Star Trek: Beyond the Final Frontier
Empty9 p.m. Monday, Feb. 19
This two-hour History Channel documentary that transports fans into the ongoing pop culture phenomenon that is "Star Trek" in all of its TV and feature forms is pretty much a must for the Trekkie in your home.
Hosted with typically low-key eloquence by Leonard Nimoy (which is nothing if not logical, as Mr. Spock might say), "Star Trek: Beyond the Final Frontier" uses the prism of the 40th anniversary of the launch of the first "Star Trek" (last fall) and a massive auction of about 1,000 "Star Trek" artifacts by Christie's to examine the roots and tentacles that continue to define a multipronged franchise without peer in the annals of entertainment. The overview visits with surviving castmates (Nichelle Nichols, James Takei, Jonathan Frakes, Avery Brooks, Patrick Stewart, Marina Sirtis) and members of the various production crews. It also peers in at both the aforementioned auction and at "Trek" conventions to measure the temperature of a marvel that still burns hot about four decades after it all began.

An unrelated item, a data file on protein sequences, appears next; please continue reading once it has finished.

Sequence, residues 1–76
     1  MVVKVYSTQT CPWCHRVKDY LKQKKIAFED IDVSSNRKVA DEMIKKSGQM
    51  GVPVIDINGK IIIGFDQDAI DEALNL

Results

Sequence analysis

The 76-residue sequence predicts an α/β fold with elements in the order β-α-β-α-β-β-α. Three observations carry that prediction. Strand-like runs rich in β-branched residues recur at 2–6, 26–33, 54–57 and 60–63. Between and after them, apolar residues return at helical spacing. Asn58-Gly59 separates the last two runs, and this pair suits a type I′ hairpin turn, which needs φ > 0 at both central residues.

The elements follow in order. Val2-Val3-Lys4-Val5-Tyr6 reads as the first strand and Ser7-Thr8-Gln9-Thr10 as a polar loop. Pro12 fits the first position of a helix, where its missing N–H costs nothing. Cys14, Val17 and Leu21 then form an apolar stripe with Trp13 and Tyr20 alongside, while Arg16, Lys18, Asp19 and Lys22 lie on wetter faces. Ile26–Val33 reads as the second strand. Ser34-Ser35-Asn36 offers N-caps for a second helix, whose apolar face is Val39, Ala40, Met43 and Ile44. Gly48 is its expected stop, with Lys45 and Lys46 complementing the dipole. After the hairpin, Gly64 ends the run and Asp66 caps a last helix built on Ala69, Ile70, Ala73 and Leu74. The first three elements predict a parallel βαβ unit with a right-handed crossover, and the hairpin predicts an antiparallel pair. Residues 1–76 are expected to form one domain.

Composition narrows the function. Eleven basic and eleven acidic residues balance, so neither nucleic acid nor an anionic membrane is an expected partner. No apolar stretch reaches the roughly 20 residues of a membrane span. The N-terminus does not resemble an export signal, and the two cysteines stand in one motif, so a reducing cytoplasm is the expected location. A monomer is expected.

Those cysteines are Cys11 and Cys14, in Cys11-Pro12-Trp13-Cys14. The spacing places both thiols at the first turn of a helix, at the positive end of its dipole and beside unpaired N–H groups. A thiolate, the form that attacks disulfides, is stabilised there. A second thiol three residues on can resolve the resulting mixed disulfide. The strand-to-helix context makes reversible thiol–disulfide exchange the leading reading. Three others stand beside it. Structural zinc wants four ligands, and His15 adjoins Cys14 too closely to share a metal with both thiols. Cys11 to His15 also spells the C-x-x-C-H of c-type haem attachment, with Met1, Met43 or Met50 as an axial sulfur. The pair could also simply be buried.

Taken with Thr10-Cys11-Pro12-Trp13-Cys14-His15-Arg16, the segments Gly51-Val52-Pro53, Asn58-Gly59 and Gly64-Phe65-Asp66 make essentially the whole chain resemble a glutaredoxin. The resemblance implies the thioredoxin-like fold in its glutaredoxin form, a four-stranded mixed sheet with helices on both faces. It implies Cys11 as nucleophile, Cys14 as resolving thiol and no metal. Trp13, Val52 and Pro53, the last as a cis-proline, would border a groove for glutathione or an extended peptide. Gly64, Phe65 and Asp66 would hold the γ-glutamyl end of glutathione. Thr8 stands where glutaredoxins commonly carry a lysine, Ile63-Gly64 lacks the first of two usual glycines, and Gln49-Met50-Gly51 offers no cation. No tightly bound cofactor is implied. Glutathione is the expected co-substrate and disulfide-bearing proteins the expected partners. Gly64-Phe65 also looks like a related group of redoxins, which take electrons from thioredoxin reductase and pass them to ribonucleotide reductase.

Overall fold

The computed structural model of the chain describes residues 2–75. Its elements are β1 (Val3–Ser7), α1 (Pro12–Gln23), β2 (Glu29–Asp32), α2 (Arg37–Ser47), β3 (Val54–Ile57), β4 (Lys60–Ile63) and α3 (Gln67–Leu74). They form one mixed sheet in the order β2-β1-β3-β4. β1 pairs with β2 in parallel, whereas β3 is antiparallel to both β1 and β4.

What's perhaps most fascinating to consider while watching the comprehensive overview is just how improbable this long, strange trip has been en route to 10 feature films, five series and more than 700 hours of TV all told. The original 1960s series on NBC was a flop, with three seasons of declining ratings. The second, referred to by those in the know as "Next Gen," was initially savaged by critics as blasphemy. But Paramount clearly knew what it was doing, transforming the ashes of failure and hostility into an extraordinary cash cow. And now, of course, Vulcan ears, Klingons and Tribbles are as much a part of the showbiz vernacular as Munchkins, Dorothy and Oz. As this tasty little journey into the sci-fi world of the Starship Enterprise confirms, sometimes it pays off handsomely to boldly go where no network failure has gone before.